Poverty and Welfare




Poverty and Welfare


Today it seems as if everyone has a theory about fighting poverty, now
it is not necessary to be moving in the theoretical plane. Our country has had
successful anti-poverty programs that were effective back a century ago,
effective because they were based on these seven points: affiliation, bonding,
categorization, discernment, employment, freedom, and God. But a key element in
all of them is personal involvement and challenge, both material and spiritual.
If folks a hundred years ago could help others to move out of poverty,
and then turn their attention to the next group of immigrants and impoverished,
why can\'t we? Did they have more time than we do? No, even though we feel
stressed, their work days on the average were longer. Did they have more money?
No, we are far more affluent as a society now. Did they have more space in their
homes, so they could take in another person and we cannot? No, on the average
our houses are far larger. Did they have less of a drug and alcohol problem?
Probably not. They did have fewer single-parenting situations - there was less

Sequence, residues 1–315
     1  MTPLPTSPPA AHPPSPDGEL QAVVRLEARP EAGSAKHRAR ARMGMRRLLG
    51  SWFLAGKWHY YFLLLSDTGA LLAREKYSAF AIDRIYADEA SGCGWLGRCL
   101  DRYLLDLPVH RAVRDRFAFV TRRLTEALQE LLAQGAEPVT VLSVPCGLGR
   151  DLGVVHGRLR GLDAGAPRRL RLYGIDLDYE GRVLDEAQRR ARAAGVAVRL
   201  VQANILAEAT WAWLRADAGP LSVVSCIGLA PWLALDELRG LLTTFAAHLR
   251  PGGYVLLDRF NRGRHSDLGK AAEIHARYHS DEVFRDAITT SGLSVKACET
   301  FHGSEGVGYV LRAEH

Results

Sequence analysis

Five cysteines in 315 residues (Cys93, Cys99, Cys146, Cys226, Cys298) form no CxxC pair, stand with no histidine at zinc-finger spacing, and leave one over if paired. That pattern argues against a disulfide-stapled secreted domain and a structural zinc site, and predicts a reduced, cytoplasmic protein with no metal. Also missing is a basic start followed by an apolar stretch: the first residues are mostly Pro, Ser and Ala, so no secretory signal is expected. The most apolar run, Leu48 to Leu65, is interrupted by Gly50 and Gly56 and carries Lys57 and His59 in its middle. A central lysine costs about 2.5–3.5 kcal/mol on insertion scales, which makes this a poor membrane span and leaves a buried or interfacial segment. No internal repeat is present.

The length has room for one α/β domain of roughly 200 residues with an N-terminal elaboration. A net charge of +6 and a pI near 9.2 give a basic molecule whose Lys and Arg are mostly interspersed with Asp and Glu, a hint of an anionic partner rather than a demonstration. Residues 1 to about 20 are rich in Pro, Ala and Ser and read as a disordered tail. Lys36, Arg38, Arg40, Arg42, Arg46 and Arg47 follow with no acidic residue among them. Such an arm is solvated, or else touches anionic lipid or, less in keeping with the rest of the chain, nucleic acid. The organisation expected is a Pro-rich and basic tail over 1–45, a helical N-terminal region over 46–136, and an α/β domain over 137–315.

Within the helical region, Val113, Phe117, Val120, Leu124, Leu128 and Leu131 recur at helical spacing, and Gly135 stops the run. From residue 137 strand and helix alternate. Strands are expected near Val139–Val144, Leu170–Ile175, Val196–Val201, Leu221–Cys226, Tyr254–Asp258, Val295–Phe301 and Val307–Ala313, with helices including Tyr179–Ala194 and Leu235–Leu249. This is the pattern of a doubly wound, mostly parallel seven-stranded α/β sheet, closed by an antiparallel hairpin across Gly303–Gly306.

illegitimacy and divorce then - but life expectancy was lower, so there were
lots of orphans and half-orphans. We\'re more spread out now, but our travel time
is not any greater.
What I learned leads me to wonder: Why can\'t we do the same? Were
Americans then a different people than we are today? Have we become so
corrupted that we don\'t care about others? Have we become so lazy that we are
unwilling to suffer with? I think not. I hope not. But we have become used to
having someone else do it for us - even though we know that a professional
social worker, with a case load of 200 or so, can\'t do much more than shuffle
paper. Bad charity drives out good.
My conclusion is that when we complain about a spendthrift modern
welfare state, we\'re right about the costs but we\'re actually stating the
problem backwards. The major flaw of the modern welfare state is not that it is
extravagant, but that it is too stingy. It gives the needy bread and tells them
to be content with that alone. It gives the rest of us the opportunity to be
stingy also: We can soothe our consciences as we scrimp on what many of the
destitute need most - love, time, and challenge. We need to recapture the
optimism that a look at history can provide. We need to recapture the
understanding that a true definition of compassion suggests.